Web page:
Legislature(2019 - 2020)BARNES 124

02/19/2020 01:00 PM RESOURCES

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* first hearing in first committee of referral
+ teleconferenced
= bill was previously heard/scheduled
+ HB 203 TRANSPORTATION OF LIVE CRAB TELECONFERENCED
Heard & Held
-- Public Testimony --
*+ HB 137 LIMIT NONRESIDENT TAKING OF BIG GAME TELECONFERENCED
Heard & Held
-- Public Testimony --
+ Bills Previously Heard/Scheduled TELECONFERENCED
                      ALASKA STATE LEGISLATURE                                                                                
                 HOUSE RESOURCES STANDING COMMITTEE                                                                           
                         February 19, 2020                                                                                      
                             1:03 p.m.                                                                                          
                                                                                                                                
MEMBERS PRESENT                                                                                                               
                                                                                                                                
Representative John Lincoln, Co-Chair                                                                                           
Representative Geran Tarr, Co-Chair                                                                                             
Representative Grier Hopkins, Vice Chair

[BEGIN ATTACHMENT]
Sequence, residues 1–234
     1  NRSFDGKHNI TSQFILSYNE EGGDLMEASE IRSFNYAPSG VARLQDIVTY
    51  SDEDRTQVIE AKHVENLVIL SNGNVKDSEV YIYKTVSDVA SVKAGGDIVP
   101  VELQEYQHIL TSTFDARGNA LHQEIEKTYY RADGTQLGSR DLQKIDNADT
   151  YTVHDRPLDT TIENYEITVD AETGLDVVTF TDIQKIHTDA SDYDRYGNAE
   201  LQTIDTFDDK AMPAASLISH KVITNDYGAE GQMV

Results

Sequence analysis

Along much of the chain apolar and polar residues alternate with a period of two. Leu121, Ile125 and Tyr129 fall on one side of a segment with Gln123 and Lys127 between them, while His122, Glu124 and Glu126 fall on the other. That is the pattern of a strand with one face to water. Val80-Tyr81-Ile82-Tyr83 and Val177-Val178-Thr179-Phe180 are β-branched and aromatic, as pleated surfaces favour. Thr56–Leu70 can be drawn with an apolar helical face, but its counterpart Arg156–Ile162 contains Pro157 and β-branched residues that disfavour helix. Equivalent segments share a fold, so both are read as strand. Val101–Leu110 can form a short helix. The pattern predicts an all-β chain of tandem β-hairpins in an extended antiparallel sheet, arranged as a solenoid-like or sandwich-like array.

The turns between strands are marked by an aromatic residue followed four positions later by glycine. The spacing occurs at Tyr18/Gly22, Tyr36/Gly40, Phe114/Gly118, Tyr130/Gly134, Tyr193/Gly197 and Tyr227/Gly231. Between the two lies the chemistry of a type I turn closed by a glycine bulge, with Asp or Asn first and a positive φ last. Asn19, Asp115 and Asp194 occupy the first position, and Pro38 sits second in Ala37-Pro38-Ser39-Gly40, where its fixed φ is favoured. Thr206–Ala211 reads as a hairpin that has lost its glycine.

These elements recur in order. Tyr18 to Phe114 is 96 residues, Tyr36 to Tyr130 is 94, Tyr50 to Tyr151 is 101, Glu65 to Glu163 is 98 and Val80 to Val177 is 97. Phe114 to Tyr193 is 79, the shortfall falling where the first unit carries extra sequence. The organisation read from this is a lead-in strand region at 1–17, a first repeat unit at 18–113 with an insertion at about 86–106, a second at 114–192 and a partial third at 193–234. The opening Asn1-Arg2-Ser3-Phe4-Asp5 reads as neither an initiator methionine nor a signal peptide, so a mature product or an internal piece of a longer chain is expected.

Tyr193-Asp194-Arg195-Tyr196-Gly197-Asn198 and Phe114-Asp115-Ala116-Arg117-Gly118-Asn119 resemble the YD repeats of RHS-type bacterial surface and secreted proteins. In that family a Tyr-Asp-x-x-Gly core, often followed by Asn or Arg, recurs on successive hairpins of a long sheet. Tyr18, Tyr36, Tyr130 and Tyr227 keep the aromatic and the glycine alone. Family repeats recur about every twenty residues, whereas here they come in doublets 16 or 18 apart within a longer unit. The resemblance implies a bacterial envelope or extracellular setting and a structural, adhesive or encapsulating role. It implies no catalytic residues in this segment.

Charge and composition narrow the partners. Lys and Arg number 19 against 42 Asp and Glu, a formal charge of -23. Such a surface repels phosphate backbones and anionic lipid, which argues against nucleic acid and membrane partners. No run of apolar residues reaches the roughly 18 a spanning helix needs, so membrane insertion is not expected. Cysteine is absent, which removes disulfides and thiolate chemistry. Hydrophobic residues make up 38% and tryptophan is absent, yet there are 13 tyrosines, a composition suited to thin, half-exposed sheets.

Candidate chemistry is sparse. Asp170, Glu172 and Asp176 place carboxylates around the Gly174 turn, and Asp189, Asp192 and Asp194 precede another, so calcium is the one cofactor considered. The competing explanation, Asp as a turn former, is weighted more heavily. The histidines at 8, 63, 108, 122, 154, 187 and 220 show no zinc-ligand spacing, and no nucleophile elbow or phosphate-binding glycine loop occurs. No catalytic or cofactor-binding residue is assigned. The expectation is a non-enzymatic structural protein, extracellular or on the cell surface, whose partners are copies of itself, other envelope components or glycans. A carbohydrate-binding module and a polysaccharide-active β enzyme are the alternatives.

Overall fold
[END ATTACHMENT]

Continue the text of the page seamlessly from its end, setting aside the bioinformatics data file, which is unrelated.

Representative Sara Hannan                                                                                                      
Representative Chris Tuck                                                                                                       
Representative Ivy Spohnholz                                                                                                    
Representative Dave Talerico                                                                                                    
Representative George Rauscher                                                                                                  
Representative Sara Rasmussen                                                                                                   
                                                                                                                                
MEMBERS ABSENT